Excellent, sophisticated, graceful and cold hardy evergreen tree that thrives in our climate. Large, green pendant leaves are marked with  three prominent veins. New growth in spring emerges bright coral red before changing to mid green. Horizontal branching structure in tiers displays the handsome foliage very well. In late spring curious little white/green flowers amuse but are hard to spot. Fast growing straight trunked tree to 25′ tall with a spread half as wide. The crown is conical shaped but becomes more spreading in time. Excellent cold hardiness as well as adaptation to ice and snow. We love this unusual member of the Lauraceae. It should be planted often.

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Clerodendrum trichotomum flowers

Clerodendrum trichotomum

Glorybower. Iconic in the city of Portland this small umbrella shaped tree lines streets and populates gardens throughout the city. Late summer brings masses of white flowers held in a red calyx that perfume the area for many blocks with a sweet jasmine fragrance. Following the flowers the calyx swells to a red star and a turquoise blue berry forms. To 16′ tall moderately fast in full sun and rich soil with regular summer irrigation. Avoid disturbance around established trees which can cause it to sucker annoyingly. Large tropical leaves have the fragrance of peanut butter when bruised. Little to no fall color. Japan.

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Clethra barbinervis 'Takaeda Nishiki'

Clethra barbinervis ‘Takaeda Nishiki’

Variegated form of Japanese summer sweet with amazing white splashed foliage and masses of powerfully fragrant white flowers all summer. To 10′ tall moderately fast in part shade to full sun in rich, moisture retentive soil. Regular summer water. In time it forms a trunk that displays mottled exfoliating bark which is very pretty. . Wonderful woodland tree that endures full sun with regular irrigation. Light yellow fall color. Graceful at all times. Nice branching pattern in symmetrical whorls. The clusters of flowers dry and cling to the tree in winter. These can be removed by the fastidious gardener or left to hang and decompose with the effect of spanish moss.  Blooms continuously most of the summer. The clusters of pendant white flowers emit an intoxicating perfume that is most notable on warm to hot days. It will perfume the entire garden- its not a cloying sweetness either but a much more sophisticated aroma that has you seeking more. Water regularly, not drought adapted. Lovely, lovely specimen tree. Avoid hot dry sites.

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Cotinus obovatus

Cotinus obovatus

American smoke tree has a surprisingly limited natural range in Arkansas, Missouri, Oklahoma but its an exceedingly adaptable tree. Large round leaves are soft green when they emerge. In mid summer the tips of the branches are covered in clouds of beige smoke- which is not as prolific as the hybrids or the species Cotinus coggygria. Rounded medium sized tree to 22′ tall and handsome. Moderately slow growing 1-2′ per year when young. Full sun and regular irrigation to established then fully summer drought established. Deep rich soils yield the best performance. Autumn is its time of true glory. The large soft leaves transform into electric shades of orange/red/yellow. It holds this color for weeks before dropping. An amazing show that outshines just about any other deciduous tree. Limited supply. Accepts some summer irrigation. It is being used as a street tree in Portland, where its arboreal habit is superior to Cotinus coggygria and its hybrids.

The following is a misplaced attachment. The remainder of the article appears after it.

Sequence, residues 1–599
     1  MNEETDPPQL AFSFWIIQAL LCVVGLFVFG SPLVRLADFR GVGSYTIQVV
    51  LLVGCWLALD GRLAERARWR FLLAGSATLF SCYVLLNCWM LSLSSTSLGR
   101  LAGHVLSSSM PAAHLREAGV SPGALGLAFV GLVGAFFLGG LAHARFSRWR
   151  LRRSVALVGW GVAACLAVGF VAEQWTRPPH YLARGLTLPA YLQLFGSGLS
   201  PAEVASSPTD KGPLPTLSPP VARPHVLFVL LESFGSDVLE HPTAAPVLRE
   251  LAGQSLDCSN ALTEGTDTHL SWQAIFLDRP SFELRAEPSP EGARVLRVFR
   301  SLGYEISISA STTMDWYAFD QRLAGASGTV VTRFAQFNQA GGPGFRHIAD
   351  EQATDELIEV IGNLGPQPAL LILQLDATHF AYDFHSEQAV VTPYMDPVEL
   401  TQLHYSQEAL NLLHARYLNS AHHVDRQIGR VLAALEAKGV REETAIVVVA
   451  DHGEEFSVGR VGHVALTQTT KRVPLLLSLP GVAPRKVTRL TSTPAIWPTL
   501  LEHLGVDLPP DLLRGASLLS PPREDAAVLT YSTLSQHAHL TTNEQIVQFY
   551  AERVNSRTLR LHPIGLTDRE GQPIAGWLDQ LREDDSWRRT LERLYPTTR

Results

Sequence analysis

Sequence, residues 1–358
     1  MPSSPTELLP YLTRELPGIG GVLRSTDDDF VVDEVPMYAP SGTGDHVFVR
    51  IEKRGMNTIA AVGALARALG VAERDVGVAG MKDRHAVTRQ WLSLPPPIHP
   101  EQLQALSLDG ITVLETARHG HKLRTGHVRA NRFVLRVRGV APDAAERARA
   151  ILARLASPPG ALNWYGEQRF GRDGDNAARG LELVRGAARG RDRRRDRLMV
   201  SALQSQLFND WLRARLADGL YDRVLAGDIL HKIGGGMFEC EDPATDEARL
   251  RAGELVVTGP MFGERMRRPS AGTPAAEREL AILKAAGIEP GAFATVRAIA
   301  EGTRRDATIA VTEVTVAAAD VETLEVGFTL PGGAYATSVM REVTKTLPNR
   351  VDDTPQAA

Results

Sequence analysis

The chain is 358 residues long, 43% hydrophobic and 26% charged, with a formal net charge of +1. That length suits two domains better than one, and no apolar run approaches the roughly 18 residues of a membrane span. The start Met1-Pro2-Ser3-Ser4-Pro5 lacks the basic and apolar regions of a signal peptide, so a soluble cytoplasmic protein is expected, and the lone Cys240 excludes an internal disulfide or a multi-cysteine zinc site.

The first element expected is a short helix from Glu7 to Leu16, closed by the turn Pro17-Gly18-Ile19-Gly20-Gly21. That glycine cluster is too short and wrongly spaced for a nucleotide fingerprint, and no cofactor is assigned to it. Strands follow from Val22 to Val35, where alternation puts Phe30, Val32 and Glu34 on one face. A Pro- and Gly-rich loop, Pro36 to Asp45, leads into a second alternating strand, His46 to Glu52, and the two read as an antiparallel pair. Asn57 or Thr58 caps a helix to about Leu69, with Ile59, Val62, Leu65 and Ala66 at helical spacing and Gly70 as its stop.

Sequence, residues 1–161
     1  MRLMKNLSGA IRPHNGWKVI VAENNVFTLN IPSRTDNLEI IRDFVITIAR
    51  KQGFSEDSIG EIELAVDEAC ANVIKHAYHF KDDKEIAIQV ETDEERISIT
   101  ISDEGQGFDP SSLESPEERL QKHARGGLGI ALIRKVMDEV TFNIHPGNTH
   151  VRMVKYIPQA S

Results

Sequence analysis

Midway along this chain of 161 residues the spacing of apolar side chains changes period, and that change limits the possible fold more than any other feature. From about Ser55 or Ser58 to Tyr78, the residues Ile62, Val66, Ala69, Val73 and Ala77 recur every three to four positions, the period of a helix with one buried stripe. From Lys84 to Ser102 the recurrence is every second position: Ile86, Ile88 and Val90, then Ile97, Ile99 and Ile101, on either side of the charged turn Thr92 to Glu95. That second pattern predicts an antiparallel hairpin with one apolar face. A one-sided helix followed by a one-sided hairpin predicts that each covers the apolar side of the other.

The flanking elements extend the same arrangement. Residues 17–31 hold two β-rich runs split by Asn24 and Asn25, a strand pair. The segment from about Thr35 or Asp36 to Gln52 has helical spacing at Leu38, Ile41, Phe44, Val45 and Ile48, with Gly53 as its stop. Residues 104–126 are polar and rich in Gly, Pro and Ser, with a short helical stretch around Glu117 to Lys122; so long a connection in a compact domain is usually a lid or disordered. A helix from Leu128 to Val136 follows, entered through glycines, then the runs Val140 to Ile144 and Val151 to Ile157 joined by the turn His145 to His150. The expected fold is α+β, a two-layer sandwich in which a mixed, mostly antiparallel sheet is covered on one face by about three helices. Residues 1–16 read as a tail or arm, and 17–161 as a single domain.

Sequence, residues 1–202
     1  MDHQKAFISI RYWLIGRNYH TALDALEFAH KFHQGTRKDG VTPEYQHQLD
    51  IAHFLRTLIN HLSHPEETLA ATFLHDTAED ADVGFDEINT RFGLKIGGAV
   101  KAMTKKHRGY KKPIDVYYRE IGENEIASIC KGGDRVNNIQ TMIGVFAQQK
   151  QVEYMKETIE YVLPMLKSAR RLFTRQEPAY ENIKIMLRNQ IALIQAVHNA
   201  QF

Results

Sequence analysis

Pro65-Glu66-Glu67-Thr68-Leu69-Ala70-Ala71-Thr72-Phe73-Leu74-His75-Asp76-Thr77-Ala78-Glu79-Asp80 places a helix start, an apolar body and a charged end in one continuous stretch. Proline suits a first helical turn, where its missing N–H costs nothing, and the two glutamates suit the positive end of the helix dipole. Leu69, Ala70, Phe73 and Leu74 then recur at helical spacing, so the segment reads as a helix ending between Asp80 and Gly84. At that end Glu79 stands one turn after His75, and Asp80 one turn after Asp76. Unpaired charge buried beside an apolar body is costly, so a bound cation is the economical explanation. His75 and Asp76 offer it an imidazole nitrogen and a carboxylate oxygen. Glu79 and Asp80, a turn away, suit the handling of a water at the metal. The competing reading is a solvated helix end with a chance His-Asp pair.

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Crinodendron patagua

Crinodendron patagua

Chilean Lily of the Valley Tree or Evergreen Snowbell- both descriptive common names for this unusual tree from South America. Fast growing evergreen tree that looks superficially like a live oak. In mid to late summer relatively large pure white waxy bells appear and line the stems like small bells. The bottom of the waxy bloom is deeply serrated. Cool. To 16′ tall and half as wide. Often forms multi-trunks if you don’t want this then diligently prune it until you get one sturdy trunk. Do not site in the direct path of subfreezing east wind- a south or west exposure will do in windy areas. Easy to grow tree that gets by with a minimum of water in summer once established.

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Cunninghamia lanceolata var. glauca

Cunninghamia lanceolata var. glauca

This form of China Fir we love for its bright blue vivid foliage. A tall growing conical tree to 40′ eventually. To about 25′ tall in 10 years. A prickly but beautiful conifer that grows fairly fast when young. The boughs eventually house small, cute, ok, damned adorable little wooden pinecones that persist through spring. In time the trunk becomes gray and fissured. A sky line tree with great age and old specimens dot the Portland Metro area. Very drought adapted when established. Great screen or specimen. Give it plenty of room to grow in FULL sun- no shade and rich to average well drained soil. Very good architectural presence. Cold hardy and easy to grow- long lived tree. Moderately deer resistant.